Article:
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Old 10-24-02, 08:47 AM   #1
nyquist
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When are Nvidia going to release the source code for their linux drivers. I will not use them until they are open; they rely on the linux kernel and thus are a derived work of the linux kernel and thus fall under the GPL. Nvidia's lawyers made a big error somewhere and Nvidia are liable to having trading halted for illegal practises.
This forum is the only contact method I could find on their site, so I just wanted to let nvidia know what they are doing.
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Old 10-24-02, 09:34 AM   #2
r0gu3
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This comment is so ridiculous that it doesn't reserve a response... but here it is anyways...

Nvidia isn't breaking any licensing agreements at all...

Maybe you should read the license of the linux kernel, then you would realize its not gpl, but actually lgpl...

i am not gonna waste anymore time with you ignorance...

read it here
http://www.gnu.org/licenses/licenses.html

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Old 10-24-02, 12:09 PM   #3
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Go away.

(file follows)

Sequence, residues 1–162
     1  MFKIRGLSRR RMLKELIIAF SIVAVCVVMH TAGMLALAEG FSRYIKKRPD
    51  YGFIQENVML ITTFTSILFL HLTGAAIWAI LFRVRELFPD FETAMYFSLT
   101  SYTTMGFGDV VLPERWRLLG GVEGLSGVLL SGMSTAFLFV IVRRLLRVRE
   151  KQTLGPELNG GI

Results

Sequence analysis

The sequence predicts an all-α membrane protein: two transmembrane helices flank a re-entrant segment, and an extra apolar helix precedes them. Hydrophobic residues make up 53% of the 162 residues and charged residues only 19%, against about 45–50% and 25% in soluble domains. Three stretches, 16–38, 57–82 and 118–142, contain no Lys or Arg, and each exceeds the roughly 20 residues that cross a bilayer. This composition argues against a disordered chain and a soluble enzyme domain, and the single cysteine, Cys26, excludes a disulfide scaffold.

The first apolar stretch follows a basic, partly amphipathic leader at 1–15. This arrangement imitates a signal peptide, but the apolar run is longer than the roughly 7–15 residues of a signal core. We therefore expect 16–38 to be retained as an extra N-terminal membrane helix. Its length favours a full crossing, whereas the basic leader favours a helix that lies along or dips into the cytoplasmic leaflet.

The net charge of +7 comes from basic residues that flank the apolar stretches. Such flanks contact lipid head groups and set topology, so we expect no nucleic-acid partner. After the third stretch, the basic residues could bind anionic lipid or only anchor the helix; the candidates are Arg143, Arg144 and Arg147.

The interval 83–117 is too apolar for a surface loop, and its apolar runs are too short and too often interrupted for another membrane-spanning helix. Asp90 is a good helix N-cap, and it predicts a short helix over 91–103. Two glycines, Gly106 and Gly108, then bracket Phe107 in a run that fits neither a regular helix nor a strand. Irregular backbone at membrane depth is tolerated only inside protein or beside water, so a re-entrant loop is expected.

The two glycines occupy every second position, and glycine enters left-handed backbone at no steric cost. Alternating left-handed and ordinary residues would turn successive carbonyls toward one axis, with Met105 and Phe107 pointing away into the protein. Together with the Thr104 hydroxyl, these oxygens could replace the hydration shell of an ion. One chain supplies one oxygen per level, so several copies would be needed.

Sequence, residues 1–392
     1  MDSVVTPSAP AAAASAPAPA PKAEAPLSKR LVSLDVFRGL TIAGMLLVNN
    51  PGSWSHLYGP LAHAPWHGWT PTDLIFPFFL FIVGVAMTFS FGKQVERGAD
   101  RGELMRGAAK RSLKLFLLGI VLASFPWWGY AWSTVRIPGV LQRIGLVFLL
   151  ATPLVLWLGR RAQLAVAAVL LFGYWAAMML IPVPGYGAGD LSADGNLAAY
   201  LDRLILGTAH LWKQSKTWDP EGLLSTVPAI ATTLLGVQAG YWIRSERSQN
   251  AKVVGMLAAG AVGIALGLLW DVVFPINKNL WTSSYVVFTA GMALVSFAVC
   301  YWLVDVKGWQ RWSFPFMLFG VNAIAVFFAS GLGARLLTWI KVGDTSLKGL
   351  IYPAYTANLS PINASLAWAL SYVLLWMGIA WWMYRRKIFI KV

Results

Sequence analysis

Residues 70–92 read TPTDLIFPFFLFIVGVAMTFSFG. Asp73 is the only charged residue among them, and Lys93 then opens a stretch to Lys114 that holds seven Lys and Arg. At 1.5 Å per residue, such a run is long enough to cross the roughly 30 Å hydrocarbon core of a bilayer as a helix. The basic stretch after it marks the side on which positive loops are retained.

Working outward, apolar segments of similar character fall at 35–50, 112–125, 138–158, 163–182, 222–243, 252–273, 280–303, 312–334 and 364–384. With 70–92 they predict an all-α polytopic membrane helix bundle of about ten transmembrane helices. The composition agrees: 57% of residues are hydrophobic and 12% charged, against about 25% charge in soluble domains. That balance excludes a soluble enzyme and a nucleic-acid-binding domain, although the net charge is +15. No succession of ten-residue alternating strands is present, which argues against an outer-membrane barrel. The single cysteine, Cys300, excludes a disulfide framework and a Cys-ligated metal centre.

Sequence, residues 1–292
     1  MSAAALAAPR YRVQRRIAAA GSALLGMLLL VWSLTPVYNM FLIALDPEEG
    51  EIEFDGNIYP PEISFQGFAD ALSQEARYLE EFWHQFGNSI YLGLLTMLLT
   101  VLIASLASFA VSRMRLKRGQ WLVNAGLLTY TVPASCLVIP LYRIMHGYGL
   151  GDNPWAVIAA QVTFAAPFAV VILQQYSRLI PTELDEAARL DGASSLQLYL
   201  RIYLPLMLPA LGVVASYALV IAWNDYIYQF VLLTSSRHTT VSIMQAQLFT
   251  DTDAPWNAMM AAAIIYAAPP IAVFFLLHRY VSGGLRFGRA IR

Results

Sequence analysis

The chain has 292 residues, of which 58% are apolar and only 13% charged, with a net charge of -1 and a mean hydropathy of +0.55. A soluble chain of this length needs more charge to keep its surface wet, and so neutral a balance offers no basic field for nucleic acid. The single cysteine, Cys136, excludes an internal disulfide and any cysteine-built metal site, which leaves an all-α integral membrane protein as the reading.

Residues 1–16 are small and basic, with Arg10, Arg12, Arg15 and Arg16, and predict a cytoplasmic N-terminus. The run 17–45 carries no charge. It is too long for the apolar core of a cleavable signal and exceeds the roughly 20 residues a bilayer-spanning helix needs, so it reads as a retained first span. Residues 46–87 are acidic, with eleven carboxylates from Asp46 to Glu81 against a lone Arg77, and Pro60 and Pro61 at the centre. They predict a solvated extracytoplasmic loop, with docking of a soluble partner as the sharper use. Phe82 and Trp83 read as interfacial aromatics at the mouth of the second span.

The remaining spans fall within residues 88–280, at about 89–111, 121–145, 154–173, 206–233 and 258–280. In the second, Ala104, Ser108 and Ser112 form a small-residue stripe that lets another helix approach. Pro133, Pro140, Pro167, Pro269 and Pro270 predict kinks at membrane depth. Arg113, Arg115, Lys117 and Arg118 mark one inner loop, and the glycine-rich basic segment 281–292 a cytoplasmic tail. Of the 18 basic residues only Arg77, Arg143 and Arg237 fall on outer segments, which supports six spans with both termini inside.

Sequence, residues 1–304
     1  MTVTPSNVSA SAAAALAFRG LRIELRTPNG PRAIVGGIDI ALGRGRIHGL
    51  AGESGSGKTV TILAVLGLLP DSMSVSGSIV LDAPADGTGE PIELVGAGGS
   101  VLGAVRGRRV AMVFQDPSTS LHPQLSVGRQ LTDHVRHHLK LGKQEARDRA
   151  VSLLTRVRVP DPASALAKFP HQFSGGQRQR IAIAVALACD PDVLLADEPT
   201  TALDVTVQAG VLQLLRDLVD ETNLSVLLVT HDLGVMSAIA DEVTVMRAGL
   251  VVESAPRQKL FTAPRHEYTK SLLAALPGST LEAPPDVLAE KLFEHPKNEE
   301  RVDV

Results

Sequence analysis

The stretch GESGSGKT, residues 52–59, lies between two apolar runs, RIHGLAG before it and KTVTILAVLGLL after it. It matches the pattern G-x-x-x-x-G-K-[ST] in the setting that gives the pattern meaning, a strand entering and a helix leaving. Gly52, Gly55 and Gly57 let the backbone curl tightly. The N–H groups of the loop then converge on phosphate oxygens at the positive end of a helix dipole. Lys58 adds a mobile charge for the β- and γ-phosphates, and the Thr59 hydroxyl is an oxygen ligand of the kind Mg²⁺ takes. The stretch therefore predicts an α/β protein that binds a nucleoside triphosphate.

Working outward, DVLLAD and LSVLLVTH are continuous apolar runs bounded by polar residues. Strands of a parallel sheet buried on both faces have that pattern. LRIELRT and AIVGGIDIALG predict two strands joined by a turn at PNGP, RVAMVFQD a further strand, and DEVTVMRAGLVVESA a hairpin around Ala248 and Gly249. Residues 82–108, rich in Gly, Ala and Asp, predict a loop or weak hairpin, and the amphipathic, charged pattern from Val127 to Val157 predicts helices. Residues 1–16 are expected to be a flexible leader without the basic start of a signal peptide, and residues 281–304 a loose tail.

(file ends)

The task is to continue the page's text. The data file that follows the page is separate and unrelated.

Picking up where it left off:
Or at least figure out that the kernel's license specifically allows this -- it isn't just GPL'ed. It's "GPL with additional rights as given by Linus", and among them is the right to link against it with a proprietary kernel module.
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Old 10-25-02, 03:59 AM   #4
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"Maybe you should read the license of the linux kernel, then you would realize its not gpl, but actually lgpl."
I will refer you to http://www.linux.org/, check
fourth line down where it says "Developed under the GNU General Public License "...
"i am not gonna waste anymore time with you ignorance..."
I'm not trying to start a flame war any anything, I would just like nvidia to know they're liable, in the _hope_ they will release their code.